Our house is built on a slope so the downstairs toilet is underground and the home office has one wall underground. The house was built in 1970 so there are cavity walls above ground level but I think the bits below ground level may be solid concrete. Certainly there are some pretty big lumps of concrete at the base of the walls.
My problems are peeling paint in the toilet an a desire for better insulation in the office.
In the toilet, the paint has flaked and crumbled in a couple of local areas where something has been placed right against the wall, so restricting ventilation. Before re-decorating I am thinking of treating the wall with a 'damp seal' paint. Will this be sufficient? Would I have to strip off all the old paint first? Will this cause a greater build-up of moisture in the wall if it can't get out?
I might do the same in the office, but I was also thinking of putting Kingspan insulation on the wall first in order to improve insulation. Is that a sensible thing to do, or will I create other problems?
Both rooms seem to register humidity levels about 70-75% and there is no actual condensation forming anywhere.
What you have is almost certainly damp penetration on the earth-retaining walls. However, condensation shouldn't be ruled out either as non-cavity, earth retaining walls can also be particularly cold surfaces and so are generally more vulnerable to condensation. Further, with RH levels at around 75%, it wouldn't take much more than a moderate drop in outside temperatures for that humidity to form as condensation. The ideal RH range is widely debated, but commonly is around 40-60%, depending on the time of year.
I doubt that damp stop paint will suffice in this situation. Firstly, said paint isn't particularly effective and, in addition, is intended for much smaller jobs. If you have penetrating damp as you've described and you use the damp stop paint, this might hold it back for a short time, but, as you say, where the water is being held back, pressure builds and commonly results in a water shift (water coming through in new areas. The other (more likely) outcome is that the damp stop paint won't be effective and will break down in a short time.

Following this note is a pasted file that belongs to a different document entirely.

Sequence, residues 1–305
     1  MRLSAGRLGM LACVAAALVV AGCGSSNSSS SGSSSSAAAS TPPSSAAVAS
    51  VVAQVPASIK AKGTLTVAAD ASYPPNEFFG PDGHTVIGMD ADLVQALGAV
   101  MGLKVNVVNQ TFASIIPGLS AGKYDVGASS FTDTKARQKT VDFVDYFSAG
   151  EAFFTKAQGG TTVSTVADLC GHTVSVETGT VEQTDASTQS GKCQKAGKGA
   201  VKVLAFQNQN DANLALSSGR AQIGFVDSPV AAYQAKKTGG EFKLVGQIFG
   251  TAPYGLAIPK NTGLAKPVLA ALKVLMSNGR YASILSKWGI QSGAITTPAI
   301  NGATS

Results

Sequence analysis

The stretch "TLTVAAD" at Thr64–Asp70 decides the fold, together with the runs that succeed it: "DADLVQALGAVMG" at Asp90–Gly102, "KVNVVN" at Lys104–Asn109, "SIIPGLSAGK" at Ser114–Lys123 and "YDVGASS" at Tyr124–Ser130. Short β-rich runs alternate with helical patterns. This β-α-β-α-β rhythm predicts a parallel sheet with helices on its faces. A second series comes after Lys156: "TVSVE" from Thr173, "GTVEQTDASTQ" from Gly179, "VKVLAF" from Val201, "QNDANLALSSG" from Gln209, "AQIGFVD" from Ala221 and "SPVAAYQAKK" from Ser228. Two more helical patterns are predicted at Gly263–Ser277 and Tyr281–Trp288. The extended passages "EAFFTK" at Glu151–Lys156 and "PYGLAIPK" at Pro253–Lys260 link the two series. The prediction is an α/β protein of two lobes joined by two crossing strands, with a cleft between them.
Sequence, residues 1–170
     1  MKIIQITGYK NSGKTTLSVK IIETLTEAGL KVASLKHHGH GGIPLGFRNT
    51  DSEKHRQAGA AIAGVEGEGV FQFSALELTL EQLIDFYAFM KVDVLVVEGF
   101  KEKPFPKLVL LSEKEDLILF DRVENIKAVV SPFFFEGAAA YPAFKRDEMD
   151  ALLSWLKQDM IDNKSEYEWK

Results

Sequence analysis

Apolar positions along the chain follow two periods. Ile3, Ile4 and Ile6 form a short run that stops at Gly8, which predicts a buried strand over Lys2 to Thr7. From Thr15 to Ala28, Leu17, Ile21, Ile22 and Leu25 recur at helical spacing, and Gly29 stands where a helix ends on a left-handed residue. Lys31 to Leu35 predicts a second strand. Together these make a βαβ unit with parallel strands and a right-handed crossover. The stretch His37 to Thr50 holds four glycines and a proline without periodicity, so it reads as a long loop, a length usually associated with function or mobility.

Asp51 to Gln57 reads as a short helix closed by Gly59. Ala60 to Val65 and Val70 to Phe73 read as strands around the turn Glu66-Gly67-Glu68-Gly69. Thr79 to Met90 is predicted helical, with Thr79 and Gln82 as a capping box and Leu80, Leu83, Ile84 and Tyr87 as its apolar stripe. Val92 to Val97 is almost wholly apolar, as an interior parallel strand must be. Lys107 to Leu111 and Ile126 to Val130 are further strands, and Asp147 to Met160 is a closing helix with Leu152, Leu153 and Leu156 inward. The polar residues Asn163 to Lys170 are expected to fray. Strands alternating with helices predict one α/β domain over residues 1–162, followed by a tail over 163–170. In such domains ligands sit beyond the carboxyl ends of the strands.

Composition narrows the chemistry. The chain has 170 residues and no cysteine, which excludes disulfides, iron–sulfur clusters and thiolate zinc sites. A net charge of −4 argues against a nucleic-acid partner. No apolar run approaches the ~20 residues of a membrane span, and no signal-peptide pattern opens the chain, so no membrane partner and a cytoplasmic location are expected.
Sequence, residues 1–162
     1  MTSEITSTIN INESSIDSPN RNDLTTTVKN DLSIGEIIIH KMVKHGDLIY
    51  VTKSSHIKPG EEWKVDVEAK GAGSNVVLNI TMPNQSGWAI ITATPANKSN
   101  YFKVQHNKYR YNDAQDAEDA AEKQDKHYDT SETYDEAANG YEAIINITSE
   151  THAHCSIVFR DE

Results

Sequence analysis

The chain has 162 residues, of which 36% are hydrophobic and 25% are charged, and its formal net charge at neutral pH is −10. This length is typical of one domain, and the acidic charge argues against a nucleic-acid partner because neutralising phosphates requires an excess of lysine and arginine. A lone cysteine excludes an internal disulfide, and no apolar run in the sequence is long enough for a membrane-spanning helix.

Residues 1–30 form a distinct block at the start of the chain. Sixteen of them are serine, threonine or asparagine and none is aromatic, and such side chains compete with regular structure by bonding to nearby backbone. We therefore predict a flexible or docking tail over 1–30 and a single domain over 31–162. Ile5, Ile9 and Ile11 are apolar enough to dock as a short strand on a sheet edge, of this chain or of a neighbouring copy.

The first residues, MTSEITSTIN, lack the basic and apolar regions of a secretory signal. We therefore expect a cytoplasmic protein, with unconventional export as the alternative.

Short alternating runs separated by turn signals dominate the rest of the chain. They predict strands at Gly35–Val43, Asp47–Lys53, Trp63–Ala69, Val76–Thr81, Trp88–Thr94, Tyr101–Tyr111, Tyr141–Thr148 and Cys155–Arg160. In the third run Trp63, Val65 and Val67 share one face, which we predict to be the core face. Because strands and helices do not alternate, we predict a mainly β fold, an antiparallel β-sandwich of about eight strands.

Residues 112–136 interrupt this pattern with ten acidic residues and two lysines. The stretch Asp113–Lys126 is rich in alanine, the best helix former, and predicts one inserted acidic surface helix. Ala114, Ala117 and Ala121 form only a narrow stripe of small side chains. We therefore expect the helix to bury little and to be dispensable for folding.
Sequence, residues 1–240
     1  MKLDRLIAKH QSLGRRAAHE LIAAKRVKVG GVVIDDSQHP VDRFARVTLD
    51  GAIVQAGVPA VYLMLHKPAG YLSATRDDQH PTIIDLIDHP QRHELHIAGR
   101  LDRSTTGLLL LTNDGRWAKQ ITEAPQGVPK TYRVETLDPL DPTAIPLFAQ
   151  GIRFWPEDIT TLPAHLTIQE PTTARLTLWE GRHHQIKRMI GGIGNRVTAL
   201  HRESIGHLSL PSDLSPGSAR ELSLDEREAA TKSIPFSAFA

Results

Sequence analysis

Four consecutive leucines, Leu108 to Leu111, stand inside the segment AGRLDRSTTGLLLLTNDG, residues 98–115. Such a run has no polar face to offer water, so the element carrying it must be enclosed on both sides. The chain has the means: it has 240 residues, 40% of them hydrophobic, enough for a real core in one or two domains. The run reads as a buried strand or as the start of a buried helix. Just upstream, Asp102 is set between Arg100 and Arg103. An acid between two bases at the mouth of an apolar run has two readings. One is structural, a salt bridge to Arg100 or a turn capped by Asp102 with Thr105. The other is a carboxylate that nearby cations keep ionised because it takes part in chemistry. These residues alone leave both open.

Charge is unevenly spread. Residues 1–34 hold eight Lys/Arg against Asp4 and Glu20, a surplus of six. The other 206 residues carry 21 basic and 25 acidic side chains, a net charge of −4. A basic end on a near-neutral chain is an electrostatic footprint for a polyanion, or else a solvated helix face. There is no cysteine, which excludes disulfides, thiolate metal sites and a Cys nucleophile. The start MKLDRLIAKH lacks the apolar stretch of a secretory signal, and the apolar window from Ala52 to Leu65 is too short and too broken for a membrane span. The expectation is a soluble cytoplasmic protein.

Another problem that you'll likely have is salt-contaminated wall plaster. Said salts will have been carried from the earth through the masonry by the penetrating damp and will now be lodged in the plasterwork. These salts present a problem as they are hygroscopic (meaning that they attract water vapour and hold it), this can make the walls appear damp, especially with high RH levels as you have.
The solution that I would recommend is instructing a suitable CSSW surveyor to provide a quote to you for a waterproofing system to be installed. This will include the installation of a continuous waterproof membrane which will be let into the floors, joined with the DPC and sealed. Depending on the exact conditions, a sump/pump may be required. Additionally, it might be wise to cover the membrane with insulated plasterboard (and a specialist thermal plaster if you're really keen), which will help keep the internal surfaces warmer and less prone to condensation. Before that can take place, the existing wall plaster would need to be removed and the surface prepared for the membrane.
That will sound like a great deal of work, but it shouldn't take a competent company too long to complete. What's more, this is the only likely solution to achieving a cellar free of damp and condensation.
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